ICT is a frontline service: almost every service that Hackney provides to the borough’s residents and businesses depends on effective information and communication technology. It is essential that the Council’s ICT service works as a strategic business partner not simply a ‘supplier’. This will require us to listen hard to our partners in other services and also be confident in advising them on how we can help them to get the most benefit from what technology can offer.”

We’ve made great steps forward, building on the work that was done before. We’ve had a big increase in user satisfaction (from 28% in 2016 to 62% in our user survey last month), our investment in the systems our users rely on is increasing speed and reliability, we are able to use data in ever more valuable ways and we’re rapidly accelerating the delivery of new digital services. Not everything has worked out how we hoped, but the progress across the board makes me enormously proud to be part of the HackIT team. It’s the best job I’ve ever had.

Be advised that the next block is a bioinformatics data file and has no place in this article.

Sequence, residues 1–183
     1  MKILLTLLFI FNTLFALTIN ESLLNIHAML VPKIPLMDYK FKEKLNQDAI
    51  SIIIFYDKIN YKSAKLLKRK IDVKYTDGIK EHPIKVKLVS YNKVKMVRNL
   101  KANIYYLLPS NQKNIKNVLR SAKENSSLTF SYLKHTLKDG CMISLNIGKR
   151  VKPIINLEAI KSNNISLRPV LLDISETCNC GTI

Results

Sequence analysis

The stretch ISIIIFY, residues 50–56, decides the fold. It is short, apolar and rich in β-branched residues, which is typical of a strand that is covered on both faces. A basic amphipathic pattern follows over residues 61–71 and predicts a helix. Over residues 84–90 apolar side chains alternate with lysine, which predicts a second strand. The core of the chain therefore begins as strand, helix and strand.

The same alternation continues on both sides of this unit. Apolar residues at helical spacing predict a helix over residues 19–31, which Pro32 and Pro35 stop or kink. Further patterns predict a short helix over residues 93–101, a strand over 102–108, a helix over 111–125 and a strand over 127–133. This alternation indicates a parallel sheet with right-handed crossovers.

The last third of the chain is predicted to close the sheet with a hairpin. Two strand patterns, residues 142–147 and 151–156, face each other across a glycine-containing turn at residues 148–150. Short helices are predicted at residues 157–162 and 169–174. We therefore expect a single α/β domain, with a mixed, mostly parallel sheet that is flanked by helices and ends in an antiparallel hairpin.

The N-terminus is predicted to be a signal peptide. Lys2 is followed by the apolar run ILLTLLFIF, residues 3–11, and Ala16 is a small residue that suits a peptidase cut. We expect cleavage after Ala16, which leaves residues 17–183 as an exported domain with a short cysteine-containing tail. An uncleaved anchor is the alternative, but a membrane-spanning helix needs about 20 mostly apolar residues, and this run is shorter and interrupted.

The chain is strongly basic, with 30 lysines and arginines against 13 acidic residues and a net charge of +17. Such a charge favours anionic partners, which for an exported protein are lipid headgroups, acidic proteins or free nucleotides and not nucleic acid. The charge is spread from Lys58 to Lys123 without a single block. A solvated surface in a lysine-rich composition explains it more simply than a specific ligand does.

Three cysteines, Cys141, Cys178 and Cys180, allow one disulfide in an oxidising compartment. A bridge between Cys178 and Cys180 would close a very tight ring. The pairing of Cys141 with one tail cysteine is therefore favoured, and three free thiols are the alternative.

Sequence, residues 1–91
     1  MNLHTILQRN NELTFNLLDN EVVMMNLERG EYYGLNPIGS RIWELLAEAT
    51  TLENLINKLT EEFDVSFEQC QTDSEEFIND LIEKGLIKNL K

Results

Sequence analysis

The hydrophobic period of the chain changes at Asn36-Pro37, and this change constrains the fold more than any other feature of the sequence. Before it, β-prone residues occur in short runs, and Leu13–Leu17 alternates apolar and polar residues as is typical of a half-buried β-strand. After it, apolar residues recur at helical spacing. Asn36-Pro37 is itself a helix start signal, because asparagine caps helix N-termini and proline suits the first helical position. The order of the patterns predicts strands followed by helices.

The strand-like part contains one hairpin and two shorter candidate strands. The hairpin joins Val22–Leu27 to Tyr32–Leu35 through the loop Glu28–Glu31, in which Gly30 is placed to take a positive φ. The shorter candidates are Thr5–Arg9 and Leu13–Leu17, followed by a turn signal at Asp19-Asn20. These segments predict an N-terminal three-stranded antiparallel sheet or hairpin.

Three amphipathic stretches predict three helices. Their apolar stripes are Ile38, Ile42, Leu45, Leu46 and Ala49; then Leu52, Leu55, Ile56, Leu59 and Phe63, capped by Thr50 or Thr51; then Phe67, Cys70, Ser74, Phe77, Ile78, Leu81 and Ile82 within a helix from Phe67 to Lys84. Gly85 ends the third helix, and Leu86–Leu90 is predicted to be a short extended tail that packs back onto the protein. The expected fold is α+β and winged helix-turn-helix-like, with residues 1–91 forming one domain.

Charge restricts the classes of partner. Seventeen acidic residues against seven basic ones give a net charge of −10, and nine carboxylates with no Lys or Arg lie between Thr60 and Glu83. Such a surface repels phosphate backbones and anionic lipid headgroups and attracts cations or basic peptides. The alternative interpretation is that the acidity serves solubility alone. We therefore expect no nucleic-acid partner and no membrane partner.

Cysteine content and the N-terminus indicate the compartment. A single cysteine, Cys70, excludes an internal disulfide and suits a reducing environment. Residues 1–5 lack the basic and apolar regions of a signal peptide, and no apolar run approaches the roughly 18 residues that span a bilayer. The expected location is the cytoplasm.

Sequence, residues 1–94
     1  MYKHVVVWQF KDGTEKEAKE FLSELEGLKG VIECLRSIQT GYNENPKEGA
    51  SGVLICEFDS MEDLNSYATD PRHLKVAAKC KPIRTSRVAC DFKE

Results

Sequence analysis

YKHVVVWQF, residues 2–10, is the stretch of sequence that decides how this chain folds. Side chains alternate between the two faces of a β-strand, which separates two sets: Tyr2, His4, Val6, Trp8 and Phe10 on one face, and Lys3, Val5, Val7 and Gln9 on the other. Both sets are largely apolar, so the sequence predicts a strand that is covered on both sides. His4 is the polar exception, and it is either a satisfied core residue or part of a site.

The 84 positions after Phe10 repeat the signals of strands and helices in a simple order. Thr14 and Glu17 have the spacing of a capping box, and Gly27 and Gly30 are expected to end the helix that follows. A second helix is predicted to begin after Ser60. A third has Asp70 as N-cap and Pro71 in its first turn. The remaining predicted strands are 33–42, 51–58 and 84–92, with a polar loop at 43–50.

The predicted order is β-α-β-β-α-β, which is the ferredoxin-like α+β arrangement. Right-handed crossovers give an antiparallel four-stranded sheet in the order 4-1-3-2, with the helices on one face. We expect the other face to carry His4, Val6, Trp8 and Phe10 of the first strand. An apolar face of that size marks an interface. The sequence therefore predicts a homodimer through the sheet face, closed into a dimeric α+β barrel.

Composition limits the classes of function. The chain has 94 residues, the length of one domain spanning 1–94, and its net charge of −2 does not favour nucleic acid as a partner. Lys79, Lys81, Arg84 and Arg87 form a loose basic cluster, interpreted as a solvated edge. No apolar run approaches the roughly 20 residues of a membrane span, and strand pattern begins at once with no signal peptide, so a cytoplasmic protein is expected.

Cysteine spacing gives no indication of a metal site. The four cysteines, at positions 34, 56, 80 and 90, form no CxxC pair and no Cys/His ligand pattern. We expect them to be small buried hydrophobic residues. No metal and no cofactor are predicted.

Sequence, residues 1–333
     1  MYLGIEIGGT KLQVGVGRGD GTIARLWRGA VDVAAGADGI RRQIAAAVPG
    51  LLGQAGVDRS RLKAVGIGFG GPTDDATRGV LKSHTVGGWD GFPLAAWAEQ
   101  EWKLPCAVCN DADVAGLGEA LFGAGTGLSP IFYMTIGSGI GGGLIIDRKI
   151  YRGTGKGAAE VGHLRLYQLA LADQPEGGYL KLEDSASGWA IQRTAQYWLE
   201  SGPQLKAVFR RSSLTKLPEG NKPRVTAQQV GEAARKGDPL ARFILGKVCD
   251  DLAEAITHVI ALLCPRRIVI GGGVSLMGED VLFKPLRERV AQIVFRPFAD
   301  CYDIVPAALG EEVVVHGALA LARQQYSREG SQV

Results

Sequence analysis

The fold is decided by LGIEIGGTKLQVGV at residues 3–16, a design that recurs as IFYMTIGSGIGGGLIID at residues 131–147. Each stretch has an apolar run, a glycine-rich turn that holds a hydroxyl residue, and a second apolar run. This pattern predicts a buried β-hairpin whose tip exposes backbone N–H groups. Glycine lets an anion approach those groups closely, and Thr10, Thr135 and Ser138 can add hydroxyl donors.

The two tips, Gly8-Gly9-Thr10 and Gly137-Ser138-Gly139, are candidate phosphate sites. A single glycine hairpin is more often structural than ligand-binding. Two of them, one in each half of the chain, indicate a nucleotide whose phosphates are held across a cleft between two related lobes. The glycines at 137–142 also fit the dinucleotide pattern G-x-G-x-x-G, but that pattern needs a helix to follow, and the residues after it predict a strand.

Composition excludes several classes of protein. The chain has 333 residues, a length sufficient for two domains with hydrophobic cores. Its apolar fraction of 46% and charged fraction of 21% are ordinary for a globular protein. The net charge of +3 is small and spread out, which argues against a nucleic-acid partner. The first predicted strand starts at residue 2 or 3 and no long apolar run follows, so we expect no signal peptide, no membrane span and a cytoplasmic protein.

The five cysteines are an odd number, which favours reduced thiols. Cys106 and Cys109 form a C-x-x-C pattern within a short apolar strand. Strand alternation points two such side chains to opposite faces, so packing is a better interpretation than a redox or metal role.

Now as we approach the end of 2019 it’s important for us to take stock of our ways of working and make sure that we are adapting them to make the most of the opportunities ahead of us. The challenge was summed up really well by one of the expert digital agencies who are working with us to help us establish our ‘devops’ practices at the end of their discovery phase:

Hackney is an exciting place to be

It feels like a startup in lots of ways

You favour conversation over process

You are an agile workplace


Your users have high expectations

People often struggle to know what’s expected

Lots of MVPs in progress